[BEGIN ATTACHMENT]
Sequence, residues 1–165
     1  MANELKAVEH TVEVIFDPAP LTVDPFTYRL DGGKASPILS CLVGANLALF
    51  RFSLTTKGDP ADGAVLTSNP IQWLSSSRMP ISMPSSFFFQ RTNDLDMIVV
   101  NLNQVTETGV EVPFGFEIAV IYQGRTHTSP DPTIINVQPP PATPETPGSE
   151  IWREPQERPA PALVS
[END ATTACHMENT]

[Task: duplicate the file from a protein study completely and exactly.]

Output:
Sequence, residues 1–165
     1  MANELKAVEH TVEVIFDPAP LTVDPFTYRL DGGKASPILS CLVGANLALF
    51  RFSLTTKGDP ADGAVLTSNP IQWLSSSRMP ISMPSSFFFQ RTNDLDMIVV
   101  NLNQVTETGV EVPFGFEIAV IYQGRTHTSP DPTIINVQPP PATPETPGSE
   151  IWREPQERPA PALVS